During a Vienna Parliament session on Wednesday, Krauss, chairman of the FPÖ, pointed out that more than two-thirds of the total 260,000 people “collecting” minimum benefits in Austria lived in Vienna. 

READ ALSO: What measures against foreigners is Austria’s far-right trying to take?

According to him, the majority of them, almost 60 percent, did not have Austrian citizenship and were “making themselves comfortable at the taxpayers’ expense” in Vienna.

“The majority of minimum income recipients were social migrants unwilling to work”, Krauss said.

The FPÖ representative stated: “By now, we know that neither rocket scientists nor the urgently needed skilled workers came to our country in 2015”.

Krauss called for obligatory German language skills for tenants of municipal apartments or proof of German as a prerequisite for social benefits, such as the minimum income. He also demanded that Austrian citizenship should not be granted to people who come from outside Europe and said that immigration or family reunifications must be slowed down or suspended.

What is the ‘minimum income’?

The issue was raised because, according to Krauss, migrants came to Austria and, in particular, to Vienna, looking to live off of the country’s social system and the city’s “Minimum Income” (Mindestsicherung).

According to the City of Vienna, the “minimum income” is financial support to secure the cost of living and the rent of Viennese with little or no income. Only Austrians, EU or EEA citizens, persons entitled to asylum or third-country nationals who are long-term residents can apply for this assistance. 

The applicant must also generally prove their willingness to work via registration with the labour office AMS. In addition, there are several other preconditions and required documents to apply for assistance.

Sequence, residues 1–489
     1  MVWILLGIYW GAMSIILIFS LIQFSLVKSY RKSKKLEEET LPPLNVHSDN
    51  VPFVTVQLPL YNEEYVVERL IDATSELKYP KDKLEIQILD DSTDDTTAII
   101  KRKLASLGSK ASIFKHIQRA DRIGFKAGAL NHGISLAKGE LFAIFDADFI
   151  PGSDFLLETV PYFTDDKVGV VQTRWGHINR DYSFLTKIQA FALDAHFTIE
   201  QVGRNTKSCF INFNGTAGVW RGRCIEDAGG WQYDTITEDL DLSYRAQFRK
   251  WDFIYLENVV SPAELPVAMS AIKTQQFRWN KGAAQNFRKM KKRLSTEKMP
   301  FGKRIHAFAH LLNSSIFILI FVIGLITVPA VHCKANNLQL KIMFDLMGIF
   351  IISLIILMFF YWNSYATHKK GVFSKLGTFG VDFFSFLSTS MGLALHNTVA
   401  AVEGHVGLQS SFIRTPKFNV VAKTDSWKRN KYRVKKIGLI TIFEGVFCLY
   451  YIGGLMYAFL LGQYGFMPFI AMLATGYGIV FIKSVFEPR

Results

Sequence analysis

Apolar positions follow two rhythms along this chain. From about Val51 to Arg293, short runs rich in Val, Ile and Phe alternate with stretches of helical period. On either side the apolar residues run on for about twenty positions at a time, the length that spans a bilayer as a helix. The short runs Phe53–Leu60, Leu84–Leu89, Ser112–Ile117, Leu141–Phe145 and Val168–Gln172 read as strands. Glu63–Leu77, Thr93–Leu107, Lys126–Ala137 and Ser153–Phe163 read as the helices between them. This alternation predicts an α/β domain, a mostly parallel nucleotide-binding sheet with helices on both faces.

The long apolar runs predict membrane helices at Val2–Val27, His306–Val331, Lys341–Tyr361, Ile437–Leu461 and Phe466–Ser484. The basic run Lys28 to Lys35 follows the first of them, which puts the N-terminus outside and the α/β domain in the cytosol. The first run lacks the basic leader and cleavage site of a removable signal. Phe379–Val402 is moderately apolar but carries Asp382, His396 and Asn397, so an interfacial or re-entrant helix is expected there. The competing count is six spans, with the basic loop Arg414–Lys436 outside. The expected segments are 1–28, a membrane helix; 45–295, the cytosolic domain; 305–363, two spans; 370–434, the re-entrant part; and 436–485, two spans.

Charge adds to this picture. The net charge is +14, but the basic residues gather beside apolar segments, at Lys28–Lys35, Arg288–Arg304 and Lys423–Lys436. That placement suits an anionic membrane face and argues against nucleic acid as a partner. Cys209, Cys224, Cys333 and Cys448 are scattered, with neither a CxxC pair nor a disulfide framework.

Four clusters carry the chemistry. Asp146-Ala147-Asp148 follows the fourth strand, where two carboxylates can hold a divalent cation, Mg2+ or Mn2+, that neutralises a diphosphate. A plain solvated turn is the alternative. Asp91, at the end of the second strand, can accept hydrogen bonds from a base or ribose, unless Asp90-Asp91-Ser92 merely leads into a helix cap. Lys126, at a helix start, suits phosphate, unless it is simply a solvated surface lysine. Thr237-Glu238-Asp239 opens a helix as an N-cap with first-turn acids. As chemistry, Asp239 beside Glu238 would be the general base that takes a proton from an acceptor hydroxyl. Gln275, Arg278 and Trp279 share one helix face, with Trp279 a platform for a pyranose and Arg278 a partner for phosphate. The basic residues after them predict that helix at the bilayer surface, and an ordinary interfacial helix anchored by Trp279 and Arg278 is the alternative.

The monthly payment amount varies according to each person’s conditions, but, in 2022, it’s not more than € 978 per person, with possible extra payouts of up to €117 per minor child and up to € 176 if the person has a disability.

A sign reading ‘control’ (‘Kontrolle’) stands on the road at the German-Austrian border near Lindau, southern Germany. (Photo by STEFAN PUCHNER / DPA / AFP)

‘Xenophobic instincts’

“The minimum income serves as a social safety net against poverty, especially for children, single parents and people who are particularly at risk of poverty”, said centre-left SPÖ member Kurt Wagner. 

He went further: “The FPÖ rarely contribute to solving a problem but are often the problem themselves because of their populism and xenophobic instincts”.

READ ALSO: Is Austria’s Freedom Party a ‘far-right’ party?

Green politician Viktoria Spielmann said that the minimum income is enough to ensure the most basic needs: “Have you ever had to make do with such an amount? To put the amount into perspective, rents in Vienna averaged €500. So the minimum income was the least that would secure people’s existence.” 

For her, calling recipients “lazy” or unwilling to work is unfair.

So, how much do foreigners take up?

In 2021, 135,649 Viennese received the minimum income, according to Stadt Wien data. The number of non-Austrians receiving the payments was 77,746, accounting for about 57 percent of recipients. 

However, the City of Vienna mentioned that the Austrian capital has a higher proportion of foreign residents and cited a study that concluded that compared to Austrians, migrants from non-European countries had more difficulty getting jobs, even after years of living in Austria.

READ MORE: Diversity and jobs: How migrants contribute to Vienna’s economy

Additionally, foreigners also bring money into the Austrian economy. 

Figures from Austria’s Chamber of Commerce (Wirtschaftskammer) showed that business owners in Vienna with a migration background generate € 8.3 billion in revenue and create around 45,500 jobs. 

Walter Ruck, President of the Vienna Chamber of Commerce, said: “Companies with a migrant background not only enrich the diversity of the corporate landscape in Vienna, but they are also an economic factor.”